* Indian rupee hits record low of 68.75; RBI intervenes
* Indian shares slump, but recover on state firm buying
* Foreign investors turning heavy sellers of Indian shares
By Abhishek Vishnoi and Himank Sharma
MUMBAI, Aug 28 The Indian rupee slumped to a
record low of more than 68 to the dollar on Wednesday on growing
worries that foreign investors will continue to sell out of a
country facing stiff economic challenges and volatile global
The pummelling in markets - which sent the rupee
reeling as much as 3.7 percent to an all-time low of 68.75 -
forced the central bank to intervene while state-run Life
Insurance Corp was spotted buying shares, allowing domestic
indexes to erase steep early losses.
"If steps are not taken to implement the reforms necessary
to tackle the structural issues, the government will be left
with the so-called '3D options': debt default, devaluation,
deflation," said Angelo Corbetta, head of Asia equity for
Pioneer Investments in London.
"In India devaluation is happening now and deflation could
be about to start. The good news is that the debt default is
Foreign investors sold almost $1 billion of Indian shares in
the eight sessions through Tuesday - a worrisome prospect given
stocks had been India's one sturdy source of capital inflows.
If more foreign investors throw in the towel, traders fear
it will put the country at risk of a vicious cycle in which the
ensuing hit to confidence in turn slams shares and the currency
Policymakers have consistently struggled to come up with
steps that can convince markets they can stabilise the rupee and
attract funds into the country despite extraordinary measures
last month by the central bank to drain liquidity and action to
curb gold imports and cut India's huge oil import bill.
The partially convertible rupee clawed back some
ground later in the day and was at 67.92 as of 1015 GMT, after
posting its biggest daily percentage fall in 18 years on
Still, an assault on the psychologically key 70 level
RISING OIL PRICES, FED FEARS AMPLIFY PRESSURE
India badly needs foreign capital as it struggles with a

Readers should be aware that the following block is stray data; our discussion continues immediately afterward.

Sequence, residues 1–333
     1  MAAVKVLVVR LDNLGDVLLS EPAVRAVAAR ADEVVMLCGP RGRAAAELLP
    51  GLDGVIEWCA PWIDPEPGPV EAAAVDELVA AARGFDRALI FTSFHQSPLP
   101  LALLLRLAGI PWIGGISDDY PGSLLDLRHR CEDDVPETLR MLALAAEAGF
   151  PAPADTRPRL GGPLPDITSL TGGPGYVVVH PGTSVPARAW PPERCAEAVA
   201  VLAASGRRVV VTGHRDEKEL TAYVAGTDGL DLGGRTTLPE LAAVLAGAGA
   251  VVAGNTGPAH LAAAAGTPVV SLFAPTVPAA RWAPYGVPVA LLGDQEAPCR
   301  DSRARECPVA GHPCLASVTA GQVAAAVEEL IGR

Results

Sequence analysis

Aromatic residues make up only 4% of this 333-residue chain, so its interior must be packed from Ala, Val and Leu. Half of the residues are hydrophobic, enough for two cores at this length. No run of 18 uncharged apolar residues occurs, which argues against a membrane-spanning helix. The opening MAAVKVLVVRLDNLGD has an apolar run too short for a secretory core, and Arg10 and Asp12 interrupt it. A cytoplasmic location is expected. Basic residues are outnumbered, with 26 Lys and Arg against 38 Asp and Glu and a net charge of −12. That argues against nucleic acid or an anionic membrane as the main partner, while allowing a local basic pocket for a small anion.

record high current account deficit, growing fiscal pressures
and an economy growing at the slowest in a decade.
The failure to address India's economic challenges is
becoming an increasing source of tension at a time when fears of
a possible U.S.-led military strike against Syria are knocking
down Asian markets, with the prospect that the Federal Reserve
will soon end its prolonged period of cheap money further
At the same time, rising domestic bond yields threaten to
raise borrowing costs across the already slowing economy, while
global prices of oil and gold - the country's two biggest
imports - have surged this week.
"The end game for the current decline would be the day the
rupee stops falling, alongside government measures like a
substantial diesel price hike," said Samir Arora, a fund manager
at Helios Capital in Singapore.
BNP Paribas on Wednesday slashed its economic growth
forecast for India for the fiscal year ending in March to 3.7
percent from its previous 5.2 percent - the weakest growth since
1991-92 when India buckled under a balance of payments crisis
that required a loan from the International Monetary Fund.
"India's parliament remains toxically dysfunctional with
little, if any, business conducted," BNP said.
"And, with next year's general election looming ever nearer,
the government's willingness to instigate a politically
unpopular fiscal tightening is close to nil."
India is due to post April-June gross domestic product data
on Friday, with analysts estimating the economy grew at an
annual rate of 4.7 percent, roughly in line with the previous
quarter. It will also post July federal fiscal deficit figures.
The rupee has fallen around 19 percent this year, by far the
biggest decliner among the Asian currencies tracked by Reuters.
Meanwhile, India's main National Stock Exchange index
fell as much as 3.2 percent, although suspected buying
by LIC led the index to recover in the afternoon.
Foreign investors are paring equity positions, having sold a
net $3.5 billion in stocks since the start of July, although
their net purchases so far this year still total $12 billion.
Among the blue chips that fell the most on Wednesday were
Axis Bank Ltd and ICICI Bank Ltd, a concern
given foreign investors had so far largely held on to their
investments in lenders, owning more than 40 percent of each.
In bond markets, foreign investors have sold more heavily,
with outflows reaching $4.5 billion so far this year.
Yet the government has so far failed to provide a coherent
response, analysts said. Its approval of infrastructure projects
on Tuesday was trumped by concerns about the fiscal deficit
after India's lower house of parliament this week approved a
1.35 trillion rupees ($20.47 billion) plan to provide cheap gain
to the poor.
In its latest initiative, the government late on Tuesday
proposed setting up a task force to look into currency swap
agreements, a measure analysts said could bring some relief if
carried out in time by reducing market demand for dollars or
other major currencies.
"Lets see what the authorities do, but if the government can
come out with some really big currency swap arrangement with
some countries, that can be a strong positive," said Uday Bhatt,
a forex dealer with UCO Bank in Mumbai.